Rustom’s attitude to packers: “tell me when it’s over”
India abolished the caste system, that nefarious method of classifying society into pre - ordained sections, in the 1960s, and a good thing too. After all, it has no place in modern 21st century society.
My very first taxi driver from the Taj Hotel, chattered away incessantly as we drove along Marine Drive, over Peddar Road, past the shrine to Haji Ali, past the Willingdon Club, on to Lower Parel, where I would be working. He advised on all things material, what car to buy, where to live, etc. When we pulled up outside the Maersk office he casually asked what my name was.
“You’re a Tiwari??”. But I’m an Awasthi, I too am a Brahmin”, a reference to the erstwhile priestly class. Hands were folded in supplication, as if our meeting had been pre-ordained by higher powers. The next morning he muscled his way past the other taxi drivers to pick me up, and all conversation turned to the spiritual, his pilgrimages, etc. It wasn’t until some days that I discovered that Awasthiji was charging me 50 rupees extra, unlike the less exalted taxi drivers who nonetheless had more straightforward scruples.
Teddy’s attitude to packers: “tell me when it’s over”.
On one of my next trips back to the Taj from Lower Parel, I got into one of Mumbai’s Meeru Taxis, a modern and good dial a cab service. “Your Hindi is quite nice”, the taxi driver said just after I got it. “Mine isn’t, I know, I’ve got quite a course way of speaking. What is your full name again?”
“Sanjay Tiwari”, I reply. Taxi grinds to a sudden halt, and he turns around for the first time to look at me. “You’re a Tiwari? I’m a Tripathi (Brahmin). And I used to be called Tiwari, back in Uttar Pradesh, before moving to Bombay years ago, and for some stupid reason, thinking it would improve my luck, changed my name to Tripathi.”
‘Hmmmmmmm Hmmmmmmm’. “Do you like that?”, Tripathiji wants to know. He has started humming something.
Our attitude to packers: “just shoot me now”.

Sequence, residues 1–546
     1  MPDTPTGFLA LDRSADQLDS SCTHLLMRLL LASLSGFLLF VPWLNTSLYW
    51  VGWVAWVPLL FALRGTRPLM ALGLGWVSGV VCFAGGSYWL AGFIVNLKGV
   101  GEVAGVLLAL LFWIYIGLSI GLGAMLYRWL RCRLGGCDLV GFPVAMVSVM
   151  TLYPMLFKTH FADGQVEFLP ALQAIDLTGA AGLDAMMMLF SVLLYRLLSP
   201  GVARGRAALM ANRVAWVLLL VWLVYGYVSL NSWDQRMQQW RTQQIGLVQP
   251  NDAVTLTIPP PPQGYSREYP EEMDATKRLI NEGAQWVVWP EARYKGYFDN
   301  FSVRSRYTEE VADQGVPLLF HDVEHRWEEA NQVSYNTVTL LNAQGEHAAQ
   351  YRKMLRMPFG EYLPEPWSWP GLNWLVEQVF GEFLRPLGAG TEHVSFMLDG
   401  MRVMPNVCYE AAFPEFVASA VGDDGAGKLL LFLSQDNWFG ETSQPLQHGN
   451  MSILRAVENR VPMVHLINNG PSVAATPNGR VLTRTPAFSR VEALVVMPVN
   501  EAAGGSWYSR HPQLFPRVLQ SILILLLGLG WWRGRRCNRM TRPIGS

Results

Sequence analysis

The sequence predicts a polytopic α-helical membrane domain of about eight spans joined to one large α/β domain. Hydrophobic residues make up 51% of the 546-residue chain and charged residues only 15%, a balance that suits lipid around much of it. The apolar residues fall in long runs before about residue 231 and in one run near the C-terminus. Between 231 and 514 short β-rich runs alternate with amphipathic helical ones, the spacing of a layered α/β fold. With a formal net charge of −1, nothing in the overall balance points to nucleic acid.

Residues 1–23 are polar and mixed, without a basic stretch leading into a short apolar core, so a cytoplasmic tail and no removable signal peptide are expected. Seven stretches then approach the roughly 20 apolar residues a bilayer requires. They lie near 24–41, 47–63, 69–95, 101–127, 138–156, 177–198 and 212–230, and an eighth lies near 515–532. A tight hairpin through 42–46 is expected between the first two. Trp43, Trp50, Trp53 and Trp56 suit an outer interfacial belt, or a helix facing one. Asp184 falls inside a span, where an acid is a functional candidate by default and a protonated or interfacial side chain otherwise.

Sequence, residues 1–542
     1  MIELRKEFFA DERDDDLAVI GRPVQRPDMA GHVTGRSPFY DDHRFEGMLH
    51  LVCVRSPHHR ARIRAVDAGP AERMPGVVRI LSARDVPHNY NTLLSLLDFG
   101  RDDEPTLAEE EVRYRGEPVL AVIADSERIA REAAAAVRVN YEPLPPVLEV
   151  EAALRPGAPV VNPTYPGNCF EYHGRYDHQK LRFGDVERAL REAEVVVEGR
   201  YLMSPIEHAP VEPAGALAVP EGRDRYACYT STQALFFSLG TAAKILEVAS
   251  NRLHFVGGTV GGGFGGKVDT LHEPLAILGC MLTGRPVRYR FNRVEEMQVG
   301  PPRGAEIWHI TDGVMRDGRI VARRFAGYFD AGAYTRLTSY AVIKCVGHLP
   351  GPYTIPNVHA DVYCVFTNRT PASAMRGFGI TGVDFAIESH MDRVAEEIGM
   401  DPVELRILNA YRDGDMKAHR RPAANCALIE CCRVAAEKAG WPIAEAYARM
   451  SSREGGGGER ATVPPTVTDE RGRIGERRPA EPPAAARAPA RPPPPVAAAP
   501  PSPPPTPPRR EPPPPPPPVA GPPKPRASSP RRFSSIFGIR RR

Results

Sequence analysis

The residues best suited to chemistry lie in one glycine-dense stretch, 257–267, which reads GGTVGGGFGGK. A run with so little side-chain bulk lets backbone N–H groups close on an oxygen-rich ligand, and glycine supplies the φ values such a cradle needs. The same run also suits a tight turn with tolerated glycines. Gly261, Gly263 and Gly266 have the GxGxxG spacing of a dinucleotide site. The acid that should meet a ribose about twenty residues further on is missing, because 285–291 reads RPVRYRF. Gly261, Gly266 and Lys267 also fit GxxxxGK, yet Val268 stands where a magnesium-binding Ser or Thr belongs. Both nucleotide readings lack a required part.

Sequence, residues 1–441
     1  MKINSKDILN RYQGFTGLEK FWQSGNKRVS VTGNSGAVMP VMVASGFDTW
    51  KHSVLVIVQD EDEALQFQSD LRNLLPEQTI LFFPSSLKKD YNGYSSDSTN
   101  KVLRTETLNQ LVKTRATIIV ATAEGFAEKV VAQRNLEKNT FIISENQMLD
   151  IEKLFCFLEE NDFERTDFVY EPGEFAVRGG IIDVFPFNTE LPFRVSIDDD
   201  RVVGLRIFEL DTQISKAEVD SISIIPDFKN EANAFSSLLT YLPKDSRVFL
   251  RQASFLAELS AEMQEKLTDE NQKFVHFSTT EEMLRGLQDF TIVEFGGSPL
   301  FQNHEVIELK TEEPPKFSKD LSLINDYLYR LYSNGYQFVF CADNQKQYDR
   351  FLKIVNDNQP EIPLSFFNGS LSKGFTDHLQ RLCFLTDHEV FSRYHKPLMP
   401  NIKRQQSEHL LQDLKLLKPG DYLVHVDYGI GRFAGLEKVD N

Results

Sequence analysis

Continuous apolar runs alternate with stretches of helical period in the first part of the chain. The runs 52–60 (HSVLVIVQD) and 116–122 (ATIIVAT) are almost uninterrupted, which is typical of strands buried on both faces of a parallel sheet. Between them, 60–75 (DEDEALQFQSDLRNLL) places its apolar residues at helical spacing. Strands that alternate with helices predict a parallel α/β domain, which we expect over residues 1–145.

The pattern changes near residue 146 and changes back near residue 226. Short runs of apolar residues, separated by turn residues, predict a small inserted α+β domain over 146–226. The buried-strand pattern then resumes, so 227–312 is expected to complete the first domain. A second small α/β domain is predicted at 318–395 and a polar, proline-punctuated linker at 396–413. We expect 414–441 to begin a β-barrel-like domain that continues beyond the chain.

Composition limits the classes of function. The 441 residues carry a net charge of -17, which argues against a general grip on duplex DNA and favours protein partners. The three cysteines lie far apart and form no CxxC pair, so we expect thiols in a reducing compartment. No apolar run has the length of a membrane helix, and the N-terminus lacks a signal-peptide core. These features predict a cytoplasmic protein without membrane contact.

“Yes, it’s very good indeed” I reply politely, while continuing to try to read my paper. Without needing further encouragement Tripathiji proceeds to recite in verse selections of the Ramayana, one of India’s ancient scriptures. “No doubtful Tripathiji”, this will have great positive effect on you”, he says.
Mr Tripathi seems to have forgotten that it is he who is Tripathi and I the Tiwari, but he keeps calling me Tripathiji, and the references to the “no doubtful” power of a particular passage become fast and furious.
“Do you like Mumbai?”, I ask him.
“Yes”, he replies matter of factly. Everyone is always busy and business oriented, and that’s what I like. I once asked a foreigner if he liked Mumbai, and he said no. When I asked him why he replied, ‘everyone aalways bijji. Bijji bijji bijji’.
“Idiot”, I thought to myself, Tripathiji recounted. “Better to be bijji than not have anything to do. Wait till you see what happens when you’re not bijji.”
My cousin Tiwari
Our first venture out of Advent, the apartment building with the very Catholic name, has us running into the two security guards at the entrance of the building. I ask the more elder and senior looking of the two to just give us a signal when the building supervisor makes his appearance.
Silence. Have I asked him something wrong? Not asked politely enough? All four of us wait for a reply from him or the other guard.
“Are you from Rajasthan?”, he asks.
“No”, I reply, “my father’s family is originally from Madhya Pradesh”.
“Ah, I was wondering how a Tiwari came to be here”. A smile appears. “I’m Mishra”, another Brahmin. “And he”, and now he points at his colleague behind him who by now is grinning from ear to ear, “is also a Tiwari”.
The resemblance between the two Tiwaris is deafening. He a rotund 5’ 2”, smiling constantly, and me a trim 6’ 3”, and well, I remember smiling just the other day in fact. “And over there”, Mishraji continues as he points at the other wing of the building, “a Dubeyji (Brahmin) bought an apartment.”
My long lost cousin Tiwari smiles even more broadly. With this revelation of Mishraji it’s clear that us Brahmins are going places. By extension we all just bought a $2 million apartment.
The daily interactions with Mishraji and Tiwari remain polite, until one day Tiwari calls out to Mishraji as I am going up the stairs, “Mishraji”, doesn’t it strike you as odd that Tiwariji has been here for days and hasn’t yet treated us to sweets?”
I need to dig up that Government of India ruling on the caste system and pass it on to my long lost cousins. There’s too many downsides.
Btw, the banner photo was taken from our holiday home outside of San Gimignano at 6.20 am. What light! It lasted all of five minutes.